Identifying hearing loss at the earliest opportunity is key to helping children achieve their full potential.
Hearing loss can affect your child’s speech and language development, school performance and social relationships.
Our Rehabilitation Services Department provides a multidisciplinary approach to intervention that will alleviate the adverse effects of hearing loss on speech and language development, academic performance, and cognitive development.
We offer the following audiology services:
Your child may need a full hearing evaluation if he or she:
- Did not pass the universal newborn hearing screening at the time of birth
- Is not reaching auditory developmental milestones
- Doesn’t respond to things said, or doesn’t seem to notice when spoken to
- Asks you to repeat things (more for older children than infants)
- Has difficulty locating the direction of a sound or voice
- Starts talking later than children the same age (based on reports by teachers, etc)
- Can’t say words and sentences the right way
- Has difficulty hearing one voice when several people are talking
- Misses quick or soft sounds
- Is performing poorly at school
- Has diseases that can cause hearing loss
- Has been diagnosed with other conditions that sometimes include hearing loss
- Has been taking medical treatments that may have hearing loss as a side effect
- Has parents or grandparents with hearing problems (hearing loss is hereditary)
Are my child’s auditory skills developing normally?
Click each box to learn about auditory developmental milestones in children.
Auditory development in newborns (Birth–3 Months)
- Startles to loud sounds
- Quiets or smiles when spoken to
- Seems to recognize your voice and quiets if crying
- Increases or decreases sucking behavior in response to sound
Auditory development in infants (4–6 Months)
- Moves eyes in direction of sounds
- Responds to changes in tone of your voice
- Notices toys that make sounds
- Pays attention to music
Auditory development in infants (7 Months–1 Year)
- Enjoys games like peek-a-boo and pat-a-cake
- Turns and looks in direction of sounds
- Listens when spoken to
- Recognizes words for common items like "cup", "shoe", "book", or "juice"
- Begins to respond to requests (e.g. "Come here" or "Want more?")
Auditory development in toddlers (1 year to 2 Years)
- Points to a few body parts when asked
- Follows simple commands and understands simple questions ("Roll the ball," "Kiss the baby," "Where's your shoe?")
- Listens to simple stories, songs, and rhymes
- Points to pictures in a book when named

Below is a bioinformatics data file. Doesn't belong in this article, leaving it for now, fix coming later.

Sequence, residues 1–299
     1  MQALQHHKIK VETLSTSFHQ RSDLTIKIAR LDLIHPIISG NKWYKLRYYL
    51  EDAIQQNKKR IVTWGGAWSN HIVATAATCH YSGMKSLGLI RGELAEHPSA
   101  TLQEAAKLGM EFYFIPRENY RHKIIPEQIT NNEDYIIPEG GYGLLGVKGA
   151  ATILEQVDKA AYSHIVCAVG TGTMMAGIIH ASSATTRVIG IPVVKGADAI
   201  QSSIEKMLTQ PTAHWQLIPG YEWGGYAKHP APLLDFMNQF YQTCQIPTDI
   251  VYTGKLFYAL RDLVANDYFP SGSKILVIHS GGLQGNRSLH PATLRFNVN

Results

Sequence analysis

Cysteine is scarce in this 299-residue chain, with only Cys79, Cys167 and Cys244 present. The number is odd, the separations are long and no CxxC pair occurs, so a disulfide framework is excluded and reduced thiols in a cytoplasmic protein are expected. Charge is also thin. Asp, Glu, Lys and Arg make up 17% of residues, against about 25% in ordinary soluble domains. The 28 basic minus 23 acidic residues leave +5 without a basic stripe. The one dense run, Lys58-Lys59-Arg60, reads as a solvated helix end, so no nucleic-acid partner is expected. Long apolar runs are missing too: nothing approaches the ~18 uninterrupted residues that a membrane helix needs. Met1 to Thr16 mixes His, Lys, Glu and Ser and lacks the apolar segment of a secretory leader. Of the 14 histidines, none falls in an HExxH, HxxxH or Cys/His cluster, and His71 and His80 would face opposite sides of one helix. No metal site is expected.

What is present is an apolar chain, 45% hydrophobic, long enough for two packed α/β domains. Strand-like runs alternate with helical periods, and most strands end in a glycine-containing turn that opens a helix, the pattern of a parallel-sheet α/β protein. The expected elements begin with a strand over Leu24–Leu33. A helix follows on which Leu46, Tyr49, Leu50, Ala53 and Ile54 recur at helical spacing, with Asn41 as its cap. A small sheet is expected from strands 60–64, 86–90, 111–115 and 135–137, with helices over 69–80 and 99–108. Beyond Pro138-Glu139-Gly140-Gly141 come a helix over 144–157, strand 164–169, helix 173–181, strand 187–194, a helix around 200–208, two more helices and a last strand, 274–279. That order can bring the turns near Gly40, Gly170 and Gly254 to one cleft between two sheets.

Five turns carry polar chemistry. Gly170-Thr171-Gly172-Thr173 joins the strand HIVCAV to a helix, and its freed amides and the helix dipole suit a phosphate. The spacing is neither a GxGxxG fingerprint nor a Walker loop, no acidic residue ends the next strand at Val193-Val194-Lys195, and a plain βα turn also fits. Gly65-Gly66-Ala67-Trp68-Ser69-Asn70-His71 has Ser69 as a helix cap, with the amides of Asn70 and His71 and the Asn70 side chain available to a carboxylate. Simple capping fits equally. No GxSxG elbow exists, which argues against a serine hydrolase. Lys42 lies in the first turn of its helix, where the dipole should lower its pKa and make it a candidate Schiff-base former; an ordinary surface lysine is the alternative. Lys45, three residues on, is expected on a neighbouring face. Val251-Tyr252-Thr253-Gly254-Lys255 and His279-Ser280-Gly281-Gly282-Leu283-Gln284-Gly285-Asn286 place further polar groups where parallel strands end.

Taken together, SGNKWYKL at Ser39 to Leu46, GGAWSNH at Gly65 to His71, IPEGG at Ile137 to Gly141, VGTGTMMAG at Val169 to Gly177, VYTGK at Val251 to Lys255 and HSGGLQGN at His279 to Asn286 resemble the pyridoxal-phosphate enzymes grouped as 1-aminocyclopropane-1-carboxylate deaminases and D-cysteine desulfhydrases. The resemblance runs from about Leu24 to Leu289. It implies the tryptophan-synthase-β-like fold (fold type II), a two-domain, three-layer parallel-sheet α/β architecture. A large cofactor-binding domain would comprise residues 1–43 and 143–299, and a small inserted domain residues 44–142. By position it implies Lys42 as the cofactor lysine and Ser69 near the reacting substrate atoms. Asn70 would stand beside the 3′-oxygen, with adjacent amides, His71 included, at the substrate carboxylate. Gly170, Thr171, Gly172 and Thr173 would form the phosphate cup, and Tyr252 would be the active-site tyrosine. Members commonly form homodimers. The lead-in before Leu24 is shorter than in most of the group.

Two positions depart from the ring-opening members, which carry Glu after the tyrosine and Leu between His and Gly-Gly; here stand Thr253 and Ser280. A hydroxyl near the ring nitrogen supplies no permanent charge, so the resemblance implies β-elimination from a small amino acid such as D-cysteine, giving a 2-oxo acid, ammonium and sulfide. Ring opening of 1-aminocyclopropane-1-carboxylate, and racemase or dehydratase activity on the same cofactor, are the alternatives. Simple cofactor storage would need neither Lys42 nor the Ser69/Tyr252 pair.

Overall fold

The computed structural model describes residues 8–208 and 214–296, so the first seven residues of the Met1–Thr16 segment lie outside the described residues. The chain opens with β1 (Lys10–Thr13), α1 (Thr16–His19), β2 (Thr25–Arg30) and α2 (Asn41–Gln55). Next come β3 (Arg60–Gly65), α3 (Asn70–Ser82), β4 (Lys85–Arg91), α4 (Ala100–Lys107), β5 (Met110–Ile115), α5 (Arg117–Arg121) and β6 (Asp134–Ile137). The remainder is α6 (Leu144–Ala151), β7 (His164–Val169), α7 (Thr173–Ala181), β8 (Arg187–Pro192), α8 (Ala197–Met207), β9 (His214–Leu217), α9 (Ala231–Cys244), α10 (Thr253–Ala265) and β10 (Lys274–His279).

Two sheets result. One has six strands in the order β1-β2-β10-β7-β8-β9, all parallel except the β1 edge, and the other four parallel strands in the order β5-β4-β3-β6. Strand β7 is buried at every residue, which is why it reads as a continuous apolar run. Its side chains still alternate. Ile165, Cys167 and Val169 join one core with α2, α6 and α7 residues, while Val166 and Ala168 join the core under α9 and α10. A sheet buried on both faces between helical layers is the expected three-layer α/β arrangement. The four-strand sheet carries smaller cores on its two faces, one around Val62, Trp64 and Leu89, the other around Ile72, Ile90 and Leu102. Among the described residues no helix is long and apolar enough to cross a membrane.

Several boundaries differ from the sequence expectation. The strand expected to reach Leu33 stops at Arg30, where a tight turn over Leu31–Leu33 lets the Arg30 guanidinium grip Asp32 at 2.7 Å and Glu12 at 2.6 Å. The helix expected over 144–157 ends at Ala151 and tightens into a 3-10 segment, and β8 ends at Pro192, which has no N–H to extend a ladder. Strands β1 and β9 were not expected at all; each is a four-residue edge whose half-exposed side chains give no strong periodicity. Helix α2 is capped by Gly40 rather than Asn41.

Auditory development in toddlers (2 years to 3 years)
- Understands differences in meaning ("go-stop," "in-on," "big-little," "up-down")
- Follows two requests ("Get the book and put it on the table")
- Listens to and enjoys hearing stories for longer periods of time
Auditory development in children (3 years to 4 years)
- Hears you when you call from another room
- Hears television or radio at the same loudness level as other family members
- Understands words for some colors, like red, blue, and green
- Understands words for some shapes, like circle and square
- Understands words for family, like brother, grandmother, and aunt
Auditory development in children (4 years to 5 years)
- Understands words for order, like first, next, and last
- Understands words for time, like yesterday, today, and tomorrow
- Follows longer directions, like "Put your pajamas on, brush your teeth, and then pick out a book"
- Follows classroom directions, like "Draw a circle on your paper around something you eat"
- Hears and understands most of what is said at home and in school
Auditory Processing Disorder Evaluations
Does my child have an auditory processing disorder?
Signs and symptoms of an Auditory Processing Disorder:
- Difficulty understanding speech in the presence of competing background noise
- Problems with the ability to localize the source of a signal
- Inconsistent or inappropriate responses to requests for information
- Difficulty following rapid speech
- Frequent requests for repetition and/or rephrasing of information
- Difficulty following directions
- Difficulty or inability to detect the changes in rhythm, stress, and intonation in speech
- Difficulty learning a foreign language or novel speech materials, especially technical language
- Difficulty maintaining attention
- A tendency to be easily distracted
- Poor singing, musical ability, and/or appreciation of music
- Academic difficulties, including reading, spelling and/or learning problems
Auditory Processing Evaluation Referral Criteria
- 7 years of age
- English is the main language spoken in the home
- Within normal limits speech and language skills
- Within Normal limits IQ – 90 or above
- Within Normal limits hearing
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